Controlling your company’s social media reputation

Business owners in Houston are often aware of the potential impact that their online presence can have. Reaching customers through social media may be an effective way to promote sales and specials and reach a wider audience. However, the connections that are created have the ability to harm a business’s bottom line, too, even when posted information does not come from the company’s official website or social media account.

A recent post on Yelp.com pointed out that the personal or political views of a business owner may affect people’s willingness to visit a store or restaurant because many see their purchases as votes of support or approval. This message was accompanied by others on the popular restaurant review site declaring that regardless of the quality of the product offered by a Florida ice cream shop, they would not be visiting the local eatery again.

What are some examples of illegal sexual harassment?

If you run a business or are responsible for managing employees, you likely have a number of concerns and stressful matters to deal with. However, it is vital to understand what constitutes unlawful sexual harassment and identity the appropriate course of action if you notice this illegal activity or an employee claims that they experienced sexual harassment. In Houston, and across the entire state of Texas, allegations of sexual harassment can be very damaging for businesses both large and small.

According to the U.S. Equal Employment Opportunity Commission, illegal sexual harassment takes many forms. For example, some types of sexually-charged physical or verbal conduct which lead to a working environment that is hostile, impact a worker's employment or impede an employee's ability to perform the functions of their job are illegal. Other examples of illegal harassment which are sexual in nature include unwanted sexual advances and the requesting of sexual favors. Furthermore, sexual harassment does not need to result in the termination of a victim's job or cause them to suffer economic harm in order for it to be against the law.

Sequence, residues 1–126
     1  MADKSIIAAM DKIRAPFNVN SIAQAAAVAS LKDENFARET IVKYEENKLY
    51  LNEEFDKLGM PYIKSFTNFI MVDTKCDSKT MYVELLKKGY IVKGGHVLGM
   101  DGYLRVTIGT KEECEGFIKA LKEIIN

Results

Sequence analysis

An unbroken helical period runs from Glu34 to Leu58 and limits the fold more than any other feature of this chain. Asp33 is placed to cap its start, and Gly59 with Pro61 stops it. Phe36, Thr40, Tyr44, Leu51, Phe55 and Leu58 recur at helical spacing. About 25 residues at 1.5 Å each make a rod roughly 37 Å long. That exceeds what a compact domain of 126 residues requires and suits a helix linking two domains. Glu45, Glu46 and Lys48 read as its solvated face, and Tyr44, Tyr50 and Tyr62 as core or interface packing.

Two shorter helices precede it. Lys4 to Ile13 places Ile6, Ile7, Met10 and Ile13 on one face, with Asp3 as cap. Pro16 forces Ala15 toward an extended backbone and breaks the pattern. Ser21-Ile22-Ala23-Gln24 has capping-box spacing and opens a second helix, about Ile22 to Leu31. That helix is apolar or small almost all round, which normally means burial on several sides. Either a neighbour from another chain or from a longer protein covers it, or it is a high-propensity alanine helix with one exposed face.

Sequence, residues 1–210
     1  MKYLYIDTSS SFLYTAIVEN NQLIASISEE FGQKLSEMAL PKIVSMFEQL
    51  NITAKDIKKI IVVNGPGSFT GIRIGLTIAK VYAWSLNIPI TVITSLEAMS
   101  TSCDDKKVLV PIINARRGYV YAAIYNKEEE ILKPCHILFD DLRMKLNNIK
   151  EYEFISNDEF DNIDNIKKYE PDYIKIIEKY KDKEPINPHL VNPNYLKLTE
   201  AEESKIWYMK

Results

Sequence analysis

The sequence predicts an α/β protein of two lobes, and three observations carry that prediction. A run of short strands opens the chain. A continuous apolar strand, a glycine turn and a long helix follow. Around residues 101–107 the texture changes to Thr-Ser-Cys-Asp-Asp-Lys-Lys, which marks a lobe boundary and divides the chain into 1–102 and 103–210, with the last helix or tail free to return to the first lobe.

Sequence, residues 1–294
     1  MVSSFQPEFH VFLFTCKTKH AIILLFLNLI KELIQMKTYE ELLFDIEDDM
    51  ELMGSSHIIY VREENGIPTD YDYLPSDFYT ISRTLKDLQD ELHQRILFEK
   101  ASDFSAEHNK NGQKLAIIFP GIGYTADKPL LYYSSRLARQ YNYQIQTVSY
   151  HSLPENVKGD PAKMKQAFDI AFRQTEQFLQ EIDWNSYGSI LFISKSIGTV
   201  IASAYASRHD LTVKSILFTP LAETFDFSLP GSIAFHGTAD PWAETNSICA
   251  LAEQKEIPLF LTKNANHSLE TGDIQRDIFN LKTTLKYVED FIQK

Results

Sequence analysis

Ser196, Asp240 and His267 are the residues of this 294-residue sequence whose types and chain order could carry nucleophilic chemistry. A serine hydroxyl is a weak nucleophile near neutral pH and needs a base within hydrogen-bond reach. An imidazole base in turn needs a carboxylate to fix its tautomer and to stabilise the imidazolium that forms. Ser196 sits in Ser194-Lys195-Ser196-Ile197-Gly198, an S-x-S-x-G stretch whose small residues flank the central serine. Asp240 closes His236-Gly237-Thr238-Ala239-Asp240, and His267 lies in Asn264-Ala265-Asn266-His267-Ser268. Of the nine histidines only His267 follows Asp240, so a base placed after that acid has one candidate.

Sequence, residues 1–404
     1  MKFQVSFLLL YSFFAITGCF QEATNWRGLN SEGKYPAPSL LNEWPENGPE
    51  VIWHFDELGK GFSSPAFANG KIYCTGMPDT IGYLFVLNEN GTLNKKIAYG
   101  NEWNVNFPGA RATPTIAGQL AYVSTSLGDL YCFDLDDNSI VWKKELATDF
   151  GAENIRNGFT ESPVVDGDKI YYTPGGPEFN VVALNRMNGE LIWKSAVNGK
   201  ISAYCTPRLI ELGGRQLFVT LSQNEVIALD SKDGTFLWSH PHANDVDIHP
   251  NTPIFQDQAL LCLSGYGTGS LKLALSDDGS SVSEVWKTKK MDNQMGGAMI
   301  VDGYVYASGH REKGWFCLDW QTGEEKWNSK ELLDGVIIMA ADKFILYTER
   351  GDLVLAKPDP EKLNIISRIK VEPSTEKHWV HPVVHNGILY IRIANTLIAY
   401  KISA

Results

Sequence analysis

Enforcing employee dress codes

In many companies in Houston, employers may believe that it is important to “look professional” while conducting business. However, that phrase has different meanings to different people, so it has the potential to be a factor in employee dissatisfaction and even litigation if an issue arises. According to the Houston Chronicle, employers are able to set limits on the way that workers dress, but there are exceptions that federal employment law has acknowledged, and which must be honored.

Employees are protected from discrimination based on race, religion, ethnicity and disability, and before developing a policy that defines the dress code, employers should explore the ways that any given rule may affect people in these classes. Cultural apparel and religious head coverings or facial hair are examples that may become problematic if an employer does not have a legitimate reason to prohibit them. For example, loose clothing may be a safety issue around certain equipment, so an employer may be able to enforce these aspects of a dress code without making accommodations, as long as they are applied equally to all employees.